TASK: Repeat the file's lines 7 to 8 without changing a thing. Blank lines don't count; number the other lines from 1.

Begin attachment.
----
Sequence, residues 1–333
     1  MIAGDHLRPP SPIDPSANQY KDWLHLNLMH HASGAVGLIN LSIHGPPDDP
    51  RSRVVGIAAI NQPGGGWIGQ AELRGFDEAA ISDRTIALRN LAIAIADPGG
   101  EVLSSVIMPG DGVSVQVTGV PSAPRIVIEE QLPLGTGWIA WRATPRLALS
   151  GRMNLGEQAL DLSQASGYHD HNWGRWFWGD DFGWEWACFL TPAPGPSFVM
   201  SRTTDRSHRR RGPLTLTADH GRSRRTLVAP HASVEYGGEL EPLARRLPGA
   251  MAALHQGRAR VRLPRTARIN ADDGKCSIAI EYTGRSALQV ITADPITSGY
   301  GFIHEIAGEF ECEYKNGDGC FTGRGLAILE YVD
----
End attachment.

   251  MAALHQGRAR VRLPRTARIN ADDGKCSIAI EYTGRSALQV ITADPITSGY
   301  GFIHEIAGEF ECEYKNGDGC FTGRGLAILE YVD